What do we mean by safeguarding?

Safeguarding isn’t just about looking out for children and young people with cancer. It’s about being aware of every life touched by our work; families, supporters, donors, volunteers and even celebrities.

So what is a safeguarding concern? There are many different ways that children, young people and others may experience harm. The range of concerns is far wider than historic and narrow definitions of ‘child protection’. For example, we now know much more about the risk of harm from domestic violence, female genital mutilation, online grooming/abuse, bullying, self-harm and suicide.

How does Young Lives vs Cancer protect people at risk?

People at Young Lives vs Cancer may never come across these concerns in their work but we expect them to be aware of them and open to the possibility that a child, young person or adult is at risk of harm.

If anyone on our team has concerns about abuse, neglect or exploitation. Our Safeguarding Policy explains what we expect and how our staff and volunteers will be supported if they are concerned that someone is at risk or has been harmed. At Young Lives vs Cancer we don’t investigate concerns or allegations but everyone is responsible for taking timely action to safeguard children and young people.

In our face-to-face and digital services, we will explain to families and young people what we mean by confidentiality and our responsibility for safeguarding. If we have any concerns we will talk about them openly and honestly. We may share information with other organisations where it is necessary to protect someone from harm.

Safeguarding isn’t just about preventing abuse or neglect; it’s about putting the voices, safety and wellbeing of children and young people first. That means balancing risks with opportunities so that children and young people with cancer can thrive, not just survive.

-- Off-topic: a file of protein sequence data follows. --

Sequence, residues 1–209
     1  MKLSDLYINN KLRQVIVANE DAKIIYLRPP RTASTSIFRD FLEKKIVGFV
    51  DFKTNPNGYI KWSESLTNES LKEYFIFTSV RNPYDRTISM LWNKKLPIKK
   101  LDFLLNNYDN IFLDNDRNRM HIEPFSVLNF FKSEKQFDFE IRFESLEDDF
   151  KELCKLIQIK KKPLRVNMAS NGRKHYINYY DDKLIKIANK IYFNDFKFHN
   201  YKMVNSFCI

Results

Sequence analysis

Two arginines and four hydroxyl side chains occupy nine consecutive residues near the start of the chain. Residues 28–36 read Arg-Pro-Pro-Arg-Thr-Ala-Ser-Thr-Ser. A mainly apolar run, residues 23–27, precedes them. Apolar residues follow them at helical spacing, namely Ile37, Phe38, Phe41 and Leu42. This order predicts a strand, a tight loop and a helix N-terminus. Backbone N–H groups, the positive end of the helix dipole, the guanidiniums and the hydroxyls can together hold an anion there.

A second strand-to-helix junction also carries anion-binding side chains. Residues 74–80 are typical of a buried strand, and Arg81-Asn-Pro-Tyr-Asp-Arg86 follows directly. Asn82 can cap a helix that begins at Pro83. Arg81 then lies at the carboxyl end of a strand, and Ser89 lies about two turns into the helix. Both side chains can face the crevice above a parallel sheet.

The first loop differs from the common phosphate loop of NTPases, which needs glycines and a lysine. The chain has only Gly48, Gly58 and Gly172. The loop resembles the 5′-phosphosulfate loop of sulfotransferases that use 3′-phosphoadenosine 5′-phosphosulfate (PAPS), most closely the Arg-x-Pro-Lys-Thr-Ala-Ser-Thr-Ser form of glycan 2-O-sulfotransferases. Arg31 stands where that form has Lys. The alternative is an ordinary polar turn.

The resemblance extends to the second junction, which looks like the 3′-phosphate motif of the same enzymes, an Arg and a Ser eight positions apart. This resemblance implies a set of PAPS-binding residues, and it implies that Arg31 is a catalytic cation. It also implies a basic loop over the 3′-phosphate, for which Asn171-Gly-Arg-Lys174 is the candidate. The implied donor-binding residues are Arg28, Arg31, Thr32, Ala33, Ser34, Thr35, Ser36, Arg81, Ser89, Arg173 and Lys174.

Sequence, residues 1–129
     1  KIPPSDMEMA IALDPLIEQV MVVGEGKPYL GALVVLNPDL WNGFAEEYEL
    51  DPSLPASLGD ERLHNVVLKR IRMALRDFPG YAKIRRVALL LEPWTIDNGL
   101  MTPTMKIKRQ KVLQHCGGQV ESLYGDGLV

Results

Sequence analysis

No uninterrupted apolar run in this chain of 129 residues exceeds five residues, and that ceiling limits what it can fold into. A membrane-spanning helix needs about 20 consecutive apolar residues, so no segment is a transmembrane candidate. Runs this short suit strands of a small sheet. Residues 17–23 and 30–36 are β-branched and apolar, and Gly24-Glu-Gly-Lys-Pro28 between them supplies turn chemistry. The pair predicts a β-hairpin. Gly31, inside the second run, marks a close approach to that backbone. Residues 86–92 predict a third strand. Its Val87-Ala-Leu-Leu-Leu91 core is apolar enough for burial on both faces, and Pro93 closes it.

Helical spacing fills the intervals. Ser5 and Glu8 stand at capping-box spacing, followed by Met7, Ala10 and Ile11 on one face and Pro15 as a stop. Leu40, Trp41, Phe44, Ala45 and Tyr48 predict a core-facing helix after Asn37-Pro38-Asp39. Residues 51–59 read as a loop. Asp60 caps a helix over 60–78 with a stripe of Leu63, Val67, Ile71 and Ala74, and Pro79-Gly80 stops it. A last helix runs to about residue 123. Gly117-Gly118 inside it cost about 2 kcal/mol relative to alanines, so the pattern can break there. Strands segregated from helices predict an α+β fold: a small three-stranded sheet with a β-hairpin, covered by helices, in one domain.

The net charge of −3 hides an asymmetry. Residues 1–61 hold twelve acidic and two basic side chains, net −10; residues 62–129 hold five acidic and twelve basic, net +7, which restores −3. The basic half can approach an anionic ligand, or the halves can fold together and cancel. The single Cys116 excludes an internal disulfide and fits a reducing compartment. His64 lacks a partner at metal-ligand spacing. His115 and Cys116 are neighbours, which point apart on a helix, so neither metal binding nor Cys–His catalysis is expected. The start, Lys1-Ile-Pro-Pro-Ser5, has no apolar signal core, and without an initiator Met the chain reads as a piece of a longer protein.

Who is responsible for safeguarding at Young Lives vs Cancer?

Everyone at Young Lives vs Cancer who has contact with children and young people is responsible for their own actions and behaviour. They should avoid any situation or conduct which would lead a reasonable person to question their motivation and intentions. Equally, we expect concerns about someone associated with Young Lives vs Cancer to be shared. An instinct that something isn’t quite right may turn out to be important.

Safeguarding will sometimes involve complex situations and difficult conversations inside the charity and with other organisations. We will be open to challenge, to learn if we get things wrong and to learn from others. All of this will help us to manage risks and to create a safe place for everyone.

Getting help

At Young Lives vs Cancer we don’t investigate safeguarding concerns. If you’re worried about the safety of a child, a young person or someone who is vulnerable it’s important to report your concern. If you think someone is imminently in danger call the police or emergency services on 999. For situations that are not urgent, Google the number for your local council team for adults or children (usually called Adult Services and Children’s Services) – all councils have emergency duty or out-of-hours teams for evenings and weekends.

If you’re a safeguarding professional

If you’re a Local Authority Designated Officer (LADO) or a professional from another agency and you need get in touch about a safeguarding matter please call 0300 330 0803 and ask to be put in touch with the Head of Safeguarding and Professional Standards. This is a number is for contacting Young Lives vs Cancer during office hours.